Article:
The relationship between structure and property is central to chemistry and enables the understanding of chemical phenomena and processes. Need for an efficient conformational sampling of chemical systems arises from the presence of solvents and the existence of non-zero temperatures. However, conformational sampling of structures to compute molecular quantum mechanical properties is computationally expensive because a large number of electronic structure calculations are required. In this work, the development and implementation of the effective stochastic potential (ESP) method is presented to perform efficient conformational sampling of molecules. The overarching goal of this work is to alleviate the computational bottleneck associated with performing a large number of electronic structure calculations required for conformational sampling. We introduce the concept of a deformation potential and demonstrate its existence by the proof-by-construction approach. A statistical description of the fluctuations in the deformation potential due to non-zero temperature was obtained using infinite-order moment expansion of the distribution. The formal mathematical definition of the ESP was derived using the functional minimization approach to match the infinite-order moment expansion for the deformation potential. Practical implementation of the ESP was obtained using the random-matrix theory method. The developed method was applied to two proof-of-concept calculations of the distribution of HOMO-LUMO gaps in water molecules and solvated CdSe clusters at 300 K. The need for large sample size to obtain statistically meaningful results was demonstrated by performing 105 ESP calculations. The results from these prototype calculations demonstrated the efficacy of the ESP method for performing efficient conformational sampling. We envision that the fundamental nature of this work will not only extend our knowledge of chemical systems at non-zero temperatures but also generate new insights for innovative technological applications.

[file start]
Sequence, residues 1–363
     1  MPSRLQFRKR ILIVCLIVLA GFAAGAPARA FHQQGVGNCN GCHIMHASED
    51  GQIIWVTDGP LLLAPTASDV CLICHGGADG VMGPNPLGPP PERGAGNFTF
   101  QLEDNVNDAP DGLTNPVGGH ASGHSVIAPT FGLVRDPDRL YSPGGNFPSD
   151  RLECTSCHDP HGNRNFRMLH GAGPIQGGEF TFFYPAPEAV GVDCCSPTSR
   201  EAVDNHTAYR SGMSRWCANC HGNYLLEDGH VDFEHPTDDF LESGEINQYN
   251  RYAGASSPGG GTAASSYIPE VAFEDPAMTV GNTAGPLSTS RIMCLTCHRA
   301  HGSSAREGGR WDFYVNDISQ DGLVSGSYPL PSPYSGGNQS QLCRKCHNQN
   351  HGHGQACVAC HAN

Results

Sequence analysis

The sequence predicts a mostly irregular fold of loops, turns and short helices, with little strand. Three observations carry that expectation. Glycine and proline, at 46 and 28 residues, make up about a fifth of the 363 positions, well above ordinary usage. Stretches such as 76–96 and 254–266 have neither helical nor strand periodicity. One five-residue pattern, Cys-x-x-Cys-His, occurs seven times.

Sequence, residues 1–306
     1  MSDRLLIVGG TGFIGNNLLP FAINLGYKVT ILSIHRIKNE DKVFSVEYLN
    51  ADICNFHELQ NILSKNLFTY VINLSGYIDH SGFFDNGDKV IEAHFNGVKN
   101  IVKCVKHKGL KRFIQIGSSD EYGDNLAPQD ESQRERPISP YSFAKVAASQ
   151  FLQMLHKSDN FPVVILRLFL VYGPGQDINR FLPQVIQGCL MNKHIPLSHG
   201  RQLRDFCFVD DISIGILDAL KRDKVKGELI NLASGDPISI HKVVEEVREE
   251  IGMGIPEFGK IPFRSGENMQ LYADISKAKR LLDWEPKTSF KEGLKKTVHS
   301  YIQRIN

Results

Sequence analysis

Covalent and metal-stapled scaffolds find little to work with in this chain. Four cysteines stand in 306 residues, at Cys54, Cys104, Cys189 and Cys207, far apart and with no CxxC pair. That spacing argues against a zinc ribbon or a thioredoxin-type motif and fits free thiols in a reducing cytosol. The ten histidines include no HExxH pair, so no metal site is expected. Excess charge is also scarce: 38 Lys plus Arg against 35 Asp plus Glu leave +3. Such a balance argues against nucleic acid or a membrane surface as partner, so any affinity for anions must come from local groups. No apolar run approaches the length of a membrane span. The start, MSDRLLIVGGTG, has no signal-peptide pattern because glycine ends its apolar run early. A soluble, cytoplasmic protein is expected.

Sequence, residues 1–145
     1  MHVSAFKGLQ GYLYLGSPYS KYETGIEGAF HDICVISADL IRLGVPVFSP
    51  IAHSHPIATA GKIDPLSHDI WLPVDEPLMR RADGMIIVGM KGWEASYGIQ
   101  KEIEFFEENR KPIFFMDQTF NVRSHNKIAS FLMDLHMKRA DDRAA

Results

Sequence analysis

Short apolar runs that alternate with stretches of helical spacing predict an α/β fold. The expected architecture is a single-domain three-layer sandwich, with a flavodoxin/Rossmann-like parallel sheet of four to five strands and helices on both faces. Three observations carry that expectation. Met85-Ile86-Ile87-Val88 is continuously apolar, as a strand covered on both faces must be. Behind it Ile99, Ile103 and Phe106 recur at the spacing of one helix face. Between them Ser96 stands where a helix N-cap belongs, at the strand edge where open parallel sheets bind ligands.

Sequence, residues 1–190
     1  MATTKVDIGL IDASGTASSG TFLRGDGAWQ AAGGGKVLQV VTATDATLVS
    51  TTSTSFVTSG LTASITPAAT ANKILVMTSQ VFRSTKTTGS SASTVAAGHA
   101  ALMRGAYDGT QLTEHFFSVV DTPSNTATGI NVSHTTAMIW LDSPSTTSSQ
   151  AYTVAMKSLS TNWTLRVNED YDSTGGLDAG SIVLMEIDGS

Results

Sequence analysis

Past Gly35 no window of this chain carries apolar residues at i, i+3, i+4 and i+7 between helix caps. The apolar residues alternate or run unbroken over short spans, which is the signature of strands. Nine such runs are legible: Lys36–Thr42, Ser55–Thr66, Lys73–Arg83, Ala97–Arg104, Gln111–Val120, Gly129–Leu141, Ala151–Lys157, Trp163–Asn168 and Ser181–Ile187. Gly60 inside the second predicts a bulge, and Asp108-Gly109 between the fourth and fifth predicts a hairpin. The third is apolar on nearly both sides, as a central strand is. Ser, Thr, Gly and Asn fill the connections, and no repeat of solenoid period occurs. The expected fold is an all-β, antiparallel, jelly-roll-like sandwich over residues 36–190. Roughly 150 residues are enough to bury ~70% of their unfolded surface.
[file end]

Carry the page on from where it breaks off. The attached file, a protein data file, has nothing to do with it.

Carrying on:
ASJC Scopus subject areas
- Physics and Astronomy(all)
- Physical and Theoretical Chemistry